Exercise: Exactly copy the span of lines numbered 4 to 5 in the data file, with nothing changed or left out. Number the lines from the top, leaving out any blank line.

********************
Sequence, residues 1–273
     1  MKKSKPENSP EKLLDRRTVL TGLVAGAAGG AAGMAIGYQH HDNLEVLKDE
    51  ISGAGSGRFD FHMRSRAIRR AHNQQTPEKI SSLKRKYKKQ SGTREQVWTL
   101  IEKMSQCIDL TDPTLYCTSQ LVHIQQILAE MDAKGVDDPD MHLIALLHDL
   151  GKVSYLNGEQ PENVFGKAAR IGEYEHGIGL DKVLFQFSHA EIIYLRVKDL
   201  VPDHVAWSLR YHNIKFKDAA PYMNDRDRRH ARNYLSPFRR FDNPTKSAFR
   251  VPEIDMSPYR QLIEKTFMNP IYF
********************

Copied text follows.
   101  IEKMSQCIDL TDPTLYCTSQ LVHIQQILAE MDAKGVDDPD MHLIALLHDL
   151  GKVSYLNGEQ PENVFGKAAR IGEYEHGIGL DKVLFQFSHA EIIYLRVKDL